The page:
How Central Banks Are Debasing the Currency: Is This the Year for Gold?
Right now, the US Federal Reserve is treading on a thin line.
On one hand, they are flooding the system with liquidity to try and avoid a recession due to the devastating effects the COVID-19 lockdowns are having on the economy. To that end, they have lowered interest rates to record lows and restarted unconventional policies like quantitative easing.
On the other hand, they need to increase liquidity without eroding confidence and debasing the currency.
Quantitative easing is something they had already trialed in 2008, when the Fed bought treasuries and mortgage-backed securities to prop up the economy.
But today, the economy needs more help.
The Fed has restarted their quantitative program and expanded it to include corporate bonds.
Problem is, the virus didn’t hit at the best time. We are coming off a long bull market, with lots of debt, high asset prices and low growth. All these measures will aggravate that.
It’s amid this scenario that gold is gaining traction.
It’s something that had been brewing for a while…
In 2018, central banks bought 656 tonnes of gold, the most since 1967, when the US dollar was still convertible to gold. And then repeated in 2019 with another 650 tonnes. Much of this increase in demand came from central banks in emerging countries, like Russia and Turkey.
Gold has also been gaining ground because of low interest rates. You see, gold has no yield. In fact, that’s one of the main criticisms for it. Yet when real interest rates turn negative, gold becomes more attractive.
Gold usually takes centre stage when there is fear in the market because it’s seen as a safe haven.
The pandemic has rattled confidence, and increased the demand for gold. According to data from the World Gold Council, demand for gold-backed ETFs in the first quarter of this year saw huge inflows, which increased global holdings to a record-high 3,185 tonnes.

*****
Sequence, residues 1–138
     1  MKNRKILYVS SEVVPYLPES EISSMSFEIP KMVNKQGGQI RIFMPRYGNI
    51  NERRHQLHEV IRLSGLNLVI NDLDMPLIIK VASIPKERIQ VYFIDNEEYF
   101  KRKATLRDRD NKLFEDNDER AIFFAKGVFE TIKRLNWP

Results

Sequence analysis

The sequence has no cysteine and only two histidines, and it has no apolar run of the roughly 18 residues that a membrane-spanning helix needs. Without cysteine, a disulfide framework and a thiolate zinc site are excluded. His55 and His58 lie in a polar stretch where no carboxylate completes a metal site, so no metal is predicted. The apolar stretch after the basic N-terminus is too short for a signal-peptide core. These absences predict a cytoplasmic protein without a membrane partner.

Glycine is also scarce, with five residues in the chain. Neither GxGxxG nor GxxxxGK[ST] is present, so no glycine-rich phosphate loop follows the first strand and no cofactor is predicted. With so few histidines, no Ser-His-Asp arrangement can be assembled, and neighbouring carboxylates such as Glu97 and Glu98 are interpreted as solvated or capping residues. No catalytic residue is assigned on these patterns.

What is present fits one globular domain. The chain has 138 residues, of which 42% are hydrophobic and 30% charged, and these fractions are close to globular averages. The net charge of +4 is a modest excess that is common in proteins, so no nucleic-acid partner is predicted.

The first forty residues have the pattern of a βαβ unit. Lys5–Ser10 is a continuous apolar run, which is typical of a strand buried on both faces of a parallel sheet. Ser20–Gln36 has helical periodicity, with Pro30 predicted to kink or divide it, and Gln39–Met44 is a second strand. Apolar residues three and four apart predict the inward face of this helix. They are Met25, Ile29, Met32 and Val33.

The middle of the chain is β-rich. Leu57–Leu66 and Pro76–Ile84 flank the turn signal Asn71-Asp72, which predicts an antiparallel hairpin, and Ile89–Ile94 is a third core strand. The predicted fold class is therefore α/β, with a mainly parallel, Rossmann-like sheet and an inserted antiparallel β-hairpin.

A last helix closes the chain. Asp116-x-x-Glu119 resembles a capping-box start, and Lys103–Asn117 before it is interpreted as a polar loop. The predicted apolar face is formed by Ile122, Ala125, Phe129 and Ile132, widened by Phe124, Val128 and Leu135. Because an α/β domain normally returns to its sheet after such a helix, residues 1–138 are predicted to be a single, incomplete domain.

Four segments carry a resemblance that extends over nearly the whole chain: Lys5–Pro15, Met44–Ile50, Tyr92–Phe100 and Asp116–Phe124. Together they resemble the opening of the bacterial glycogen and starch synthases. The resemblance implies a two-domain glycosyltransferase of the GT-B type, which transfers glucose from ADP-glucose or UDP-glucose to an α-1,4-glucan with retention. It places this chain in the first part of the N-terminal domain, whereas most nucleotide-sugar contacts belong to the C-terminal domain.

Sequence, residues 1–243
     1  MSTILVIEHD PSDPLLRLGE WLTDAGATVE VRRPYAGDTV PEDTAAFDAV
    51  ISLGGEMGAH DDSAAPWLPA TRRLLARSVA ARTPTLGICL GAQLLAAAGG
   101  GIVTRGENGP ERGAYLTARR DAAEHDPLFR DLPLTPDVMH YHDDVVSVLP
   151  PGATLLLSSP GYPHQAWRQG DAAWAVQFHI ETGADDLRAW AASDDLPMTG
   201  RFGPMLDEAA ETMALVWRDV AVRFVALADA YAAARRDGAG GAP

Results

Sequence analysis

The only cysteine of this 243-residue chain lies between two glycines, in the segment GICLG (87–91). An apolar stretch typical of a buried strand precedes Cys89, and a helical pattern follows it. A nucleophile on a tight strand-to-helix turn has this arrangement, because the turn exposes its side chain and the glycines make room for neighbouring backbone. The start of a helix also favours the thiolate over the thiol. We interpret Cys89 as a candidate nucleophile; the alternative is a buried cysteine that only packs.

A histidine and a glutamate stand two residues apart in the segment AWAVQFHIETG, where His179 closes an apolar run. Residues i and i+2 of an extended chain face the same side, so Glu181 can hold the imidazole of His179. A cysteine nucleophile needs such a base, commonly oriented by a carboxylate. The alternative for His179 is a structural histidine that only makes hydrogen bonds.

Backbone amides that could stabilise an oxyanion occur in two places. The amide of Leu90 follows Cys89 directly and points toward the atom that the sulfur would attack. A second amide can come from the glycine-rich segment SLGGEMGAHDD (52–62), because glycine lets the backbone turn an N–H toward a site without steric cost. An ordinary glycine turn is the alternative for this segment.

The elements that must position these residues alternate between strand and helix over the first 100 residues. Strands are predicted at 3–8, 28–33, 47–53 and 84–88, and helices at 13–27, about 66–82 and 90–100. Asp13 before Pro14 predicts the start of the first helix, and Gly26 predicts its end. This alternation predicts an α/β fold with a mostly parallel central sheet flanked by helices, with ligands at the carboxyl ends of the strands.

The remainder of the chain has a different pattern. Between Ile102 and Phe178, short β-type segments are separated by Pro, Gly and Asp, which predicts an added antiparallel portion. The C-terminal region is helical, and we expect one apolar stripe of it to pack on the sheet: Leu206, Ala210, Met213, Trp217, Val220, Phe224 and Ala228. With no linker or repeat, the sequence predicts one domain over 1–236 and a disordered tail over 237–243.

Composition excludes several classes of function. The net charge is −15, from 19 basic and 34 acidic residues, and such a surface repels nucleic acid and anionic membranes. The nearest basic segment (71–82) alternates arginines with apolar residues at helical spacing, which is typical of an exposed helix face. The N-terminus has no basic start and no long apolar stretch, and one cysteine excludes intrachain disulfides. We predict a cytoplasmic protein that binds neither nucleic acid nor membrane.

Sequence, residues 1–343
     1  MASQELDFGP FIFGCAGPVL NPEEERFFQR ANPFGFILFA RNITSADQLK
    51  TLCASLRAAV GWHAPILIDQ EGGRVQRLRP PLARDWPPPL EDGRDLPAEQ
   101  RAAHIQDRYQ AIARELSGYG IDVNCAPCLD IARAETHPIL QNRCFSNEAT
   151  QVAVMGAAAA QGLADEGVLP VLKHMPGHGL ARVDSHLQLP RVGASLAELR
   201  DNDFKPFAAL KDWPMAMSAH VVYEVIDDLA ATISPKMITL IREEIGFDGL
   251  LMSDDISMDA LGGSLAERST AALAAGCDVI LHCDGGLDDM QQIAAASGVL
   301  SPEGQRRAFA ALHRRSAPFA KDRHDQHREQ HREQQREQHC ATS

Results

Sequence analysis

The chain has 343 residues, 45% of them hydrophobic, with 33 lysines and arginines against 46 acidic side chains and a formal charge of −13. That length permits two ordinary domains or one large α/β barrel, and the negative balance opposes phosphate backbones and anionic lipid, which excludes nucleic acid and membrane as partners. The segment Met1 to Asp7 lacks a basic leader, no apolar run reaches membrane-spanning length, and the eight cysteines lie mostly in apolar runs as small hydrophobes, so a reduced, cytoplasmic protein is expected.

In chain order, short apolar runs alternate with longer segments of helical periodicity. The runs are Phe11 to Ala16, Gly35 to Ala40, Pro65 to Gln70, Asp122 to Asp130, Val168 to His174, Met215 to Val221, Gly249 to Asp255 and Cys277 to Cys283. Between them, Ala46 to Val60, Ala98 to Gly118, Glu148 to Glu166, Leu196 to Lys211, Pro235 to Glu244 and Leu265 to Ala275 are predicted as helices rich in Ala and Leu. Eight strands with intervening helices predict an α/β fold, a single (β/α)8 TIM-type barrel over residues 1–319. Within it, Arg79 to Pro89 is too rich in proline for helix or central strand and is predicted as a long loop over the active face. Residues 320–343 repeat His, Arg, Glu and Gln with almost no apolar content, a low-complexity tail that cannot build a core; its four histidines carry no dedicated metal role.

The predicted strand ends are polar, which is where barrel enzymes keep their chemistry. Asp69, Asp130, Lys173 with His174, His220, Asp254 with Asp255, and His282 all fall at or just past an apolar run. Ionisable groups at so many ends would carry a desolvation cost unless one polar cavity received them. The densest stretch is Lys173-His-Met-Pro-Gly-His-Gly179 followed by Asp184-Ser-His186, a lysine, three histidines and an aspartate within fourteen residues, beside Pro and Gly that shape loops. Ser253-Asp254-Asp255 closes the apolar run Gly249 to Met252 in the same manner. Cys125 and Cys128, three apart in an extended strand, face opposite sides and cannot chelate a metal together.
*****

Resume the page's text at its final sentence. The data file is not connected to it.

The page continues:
And hedge funds are also getting in on the back of central bank’s actions. As The Financial Times reported:
‘Some of the world’s largest hedge funds are raising their bets on gold, forecasting that central banks’ unprecedented responses to the coronavirus crisis will lead to devaluations of major currencies.
‘Paul Singer’s Elliott Management, Andrew Law’s Caxton Associates and Danny Yong’s Dymon Asia Capital are all bullish on the yellow metal, which has risen about 12 per cent this year. They are wagering that moves to loosen monetary policy and even directly finance government spending, intended to limit the economic damage from the virus, will debase fiat currencies and provide a further boost to gold.’
What could happen next?
So far, the price of gold for the year in US dollars has seen an over 11% return, and in Australian dollars, the gain is close to 22%.
It remains to be seen if central banks will manage to avoid a recession, but all these unconventional policies and artificially low interest rates could be good for gold.